By Gail M. Pfeifer, MA, RN, AJN news director
I’ve been trying to arrange an interview with a nurse in a leadership role at the VA’s Office of Nursing Services (ONS) for over a month now, with little success.
Granted, an excessive wait time for an interview pales in comparison with how long many veterans have had to wait for health care. Still, this has given me a tiny taste of what it must be like to enroll with the Veterans Health Administration for services: you can contact them, but you have to wait a really long time to even schedule a first appointment.
A substantive interview with AJN might have been a golden opportunity for the ONS to get out ahead of the story that has plagued the VA since the Phoenix scandal about lengthy waiting times at the VA broke in early May. (I did finally get a response of sorts. More on that below.)
To recap: The allegations in May that the Phoenix VA system had manipulated data about appointment wait times to hide the fact that veterans were not getting timely appointments galvanized public and Congressional attention.
But such problems in the VA health care system are not new, as a May 18th interim report by the VA Office of Inspector General makes clear, noting that since 2005 it has issued 18 reports on a local and national level identifying scheduling problems leading to long wait times and negative effects on veterans’ care. In 2010, the VA even established an Office of Specialty Care Transformation in the Office of Specialty Care Services to address veterans receiving “fragmented care and services, long wait times, and unaccepted [sic] delays,” according to that agency’s Website.
To be fair, it was widely reported this past week that long wait times have become “the norm” across the American health care system. Still, thousands of veterans are likely to have suffered, even in some cases died, because of the protracted wait times at Veterans Health Administration facilities.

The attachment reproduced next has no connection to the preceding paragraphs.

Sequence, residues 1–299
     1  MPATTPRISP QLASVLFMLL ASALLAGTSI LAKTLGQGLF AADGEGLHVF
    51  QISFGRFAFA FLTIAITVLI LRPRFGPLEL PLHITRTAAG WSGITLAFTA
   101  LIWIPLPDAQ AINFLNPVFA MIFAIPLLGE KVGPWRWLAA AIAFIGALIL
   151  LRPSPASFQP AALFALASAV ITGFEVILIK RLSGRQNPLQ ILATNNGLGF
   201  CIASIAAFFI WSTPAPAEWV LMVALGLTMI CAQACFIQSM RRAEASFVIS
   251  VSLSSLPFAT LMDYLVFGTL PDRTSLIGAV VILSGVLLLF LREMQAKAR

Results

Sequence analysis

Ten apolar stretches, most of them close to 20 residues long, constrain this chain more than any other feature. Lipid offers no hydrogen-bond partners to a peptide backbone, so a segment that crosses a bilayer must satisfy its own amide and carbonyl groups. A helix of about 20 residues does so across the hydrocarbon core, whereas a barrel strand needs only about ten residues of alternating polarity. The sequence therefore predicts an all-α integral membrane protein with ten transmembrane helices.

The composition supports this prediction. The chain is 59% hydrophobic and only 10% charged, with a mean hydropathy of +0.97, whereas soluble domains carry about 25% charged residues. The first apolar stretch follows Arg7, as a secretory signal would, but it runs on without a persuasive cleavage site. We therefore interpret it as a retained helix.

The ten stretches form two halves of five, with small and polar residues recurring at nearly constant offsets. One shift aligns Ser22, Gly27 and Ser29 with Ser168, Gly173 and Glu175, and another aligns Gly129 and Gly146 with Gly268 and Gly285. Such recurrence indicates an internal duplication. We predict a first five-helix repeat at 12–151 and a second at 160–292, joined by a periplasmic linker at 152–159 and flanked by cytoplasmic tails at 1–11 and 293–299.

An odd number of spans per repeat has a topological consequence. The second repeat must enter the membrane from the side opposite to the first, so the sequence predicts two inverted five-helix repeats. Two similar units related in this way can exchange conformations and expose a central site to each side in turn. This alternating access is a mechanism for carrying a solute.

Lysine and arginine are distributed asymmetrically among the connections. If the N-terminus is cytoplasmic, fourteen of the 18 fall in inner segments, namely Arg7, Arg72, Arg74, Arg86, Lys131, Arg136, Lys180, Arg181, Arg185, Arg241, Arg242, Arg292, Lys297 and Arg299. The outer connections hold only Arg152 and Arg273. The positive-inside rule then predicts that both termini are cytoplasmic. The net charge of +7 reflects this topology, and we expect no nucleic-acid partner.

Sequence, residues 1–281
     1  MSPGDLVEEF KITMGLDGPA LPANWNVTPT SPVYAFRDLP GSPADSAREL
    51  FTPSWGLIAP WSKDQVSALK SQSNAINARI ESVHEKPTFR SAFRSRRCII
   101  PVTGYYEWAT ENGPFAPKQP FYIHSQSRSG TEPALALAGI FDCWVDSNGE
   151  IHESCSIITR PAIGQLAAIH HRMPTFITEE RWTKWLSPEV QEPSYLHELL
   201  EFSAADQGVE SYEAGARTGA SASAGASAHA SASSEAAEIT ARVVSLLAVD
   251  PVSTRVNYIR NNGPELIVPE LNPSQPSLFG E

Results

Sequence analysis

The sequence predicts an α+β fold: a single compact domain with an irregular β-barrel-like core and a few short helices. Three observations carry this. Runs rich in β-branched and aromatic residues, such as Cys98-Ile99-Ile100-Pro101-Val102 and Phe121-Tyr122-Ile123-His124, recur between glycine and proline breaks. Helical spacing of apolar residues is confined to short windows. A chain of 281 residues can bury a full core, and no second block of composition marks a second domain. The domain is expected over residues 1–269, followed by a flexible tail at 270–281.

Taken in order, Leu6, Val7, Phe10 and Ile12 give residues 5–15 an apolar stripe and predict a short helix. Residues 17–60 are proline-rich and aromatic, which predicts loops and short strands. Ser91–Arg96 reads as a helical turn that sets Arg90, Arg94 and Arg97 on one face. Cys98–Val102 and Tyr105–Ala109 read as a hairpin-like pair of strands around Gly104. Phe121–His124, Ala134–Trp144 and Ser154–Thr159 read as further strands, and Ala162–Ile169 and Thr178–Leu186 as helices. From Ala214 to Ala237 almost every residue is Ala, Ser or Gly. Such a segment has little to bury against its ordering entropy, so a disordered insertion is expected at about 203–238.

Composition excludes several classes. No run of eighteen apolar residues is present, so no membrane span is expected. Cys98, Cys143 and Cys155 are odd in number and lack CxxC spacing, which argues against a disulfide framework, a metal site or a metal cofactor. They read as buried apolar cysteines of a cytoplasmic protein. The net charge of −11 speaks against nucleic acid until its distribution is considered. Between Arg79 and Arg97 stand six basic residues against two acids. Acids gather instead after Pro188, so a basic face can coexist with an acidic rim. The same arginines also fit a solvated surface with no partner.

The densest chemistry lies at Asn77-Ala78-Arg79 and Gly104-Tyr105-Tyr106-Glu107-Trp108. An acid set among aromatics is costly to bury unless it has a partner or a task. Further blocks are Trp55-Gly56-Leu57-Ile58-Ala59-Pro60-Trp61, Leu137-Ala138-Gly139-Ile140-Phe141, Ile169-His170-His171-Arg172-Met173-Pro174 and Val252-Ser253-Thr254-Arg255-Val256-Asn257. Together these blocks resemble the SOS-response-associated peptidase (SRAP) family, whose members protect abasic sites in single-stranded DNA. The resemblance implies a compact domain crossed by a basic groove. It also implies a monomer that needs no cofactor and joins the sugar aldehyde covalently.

And it’s clear now that the problems with fudging wait lists occurred not only in Phoenix but nationwide, with the mounting scandal leading to the sacrificial firing of Veterans Affairs Secretary Eric K. Shinseki. (President Obama has recently nominated a former Army veteran and Proctor and Gamble CEO Robert McDonald to lead the VA.)
With the flurry of negative publicity, it’s easy to forget that there are successful VA health programs—for example, the Extension for Community Healthcare Outcomes (ECHO) project (see this 2011 AJN article on ECHO and related VA health care programs), in which nurses help educate providers in remote areas to deliver specialty care for veterans.
In the response that finally arrived, the ECHO project is one example they (the public affairs office, presumably, since I wasn’t given a specific person to quote) used to answer my question, “How are VA nurses reassuring veterans that such programs will continue?” The response asserted that nurses have been crucial in implementing “a variety of national initiatives designed to have a positive impact on veteran care.” In addition to the ECHO project, other efforts of the ONS to improve patient care included, among others:
• Collaboration with a VA field site to develop the ECHO program for nurses, which focuses on patient self-management and care coordination.
• Development of mobile tools, like “Nursing Shift Companion,” to improve safety and efficiency in the medical–surgical setting.
• Field Advisory Committees of nurses who identify care needs for specific patient populations and develop products for staff nurses in the field.
• Changes to the VA nurses handbook, proposed in January, that would authorize full practice authority for all APRNs without regard to their individual state practice acts.
As it happens, three VA surgeons recently wrote an opinion piece in JAMA with recommendations for how to improve VA patient care immediately. The VA employs more than 61,000 RNs, LPNs, and nursing assistants. It would seem logical that VA nursing leadership would have some plans in mind for dealing with the current controversy, and that they would want to share those ideas publicly. Why isn’t the Office of Nursing Services taking a more vocal position on the issues that have been raised by this ongoing scandal?
Maybe it’s time for the rest of us to be more vocal. There are more than three million nurses in the United States. Let’s all contact our Congressional representatives to voice our concerns about the care of our veterans and offer solutions, whether we work in the VA system or not. Maybe that will startle the VA nursing leadership into speaking up.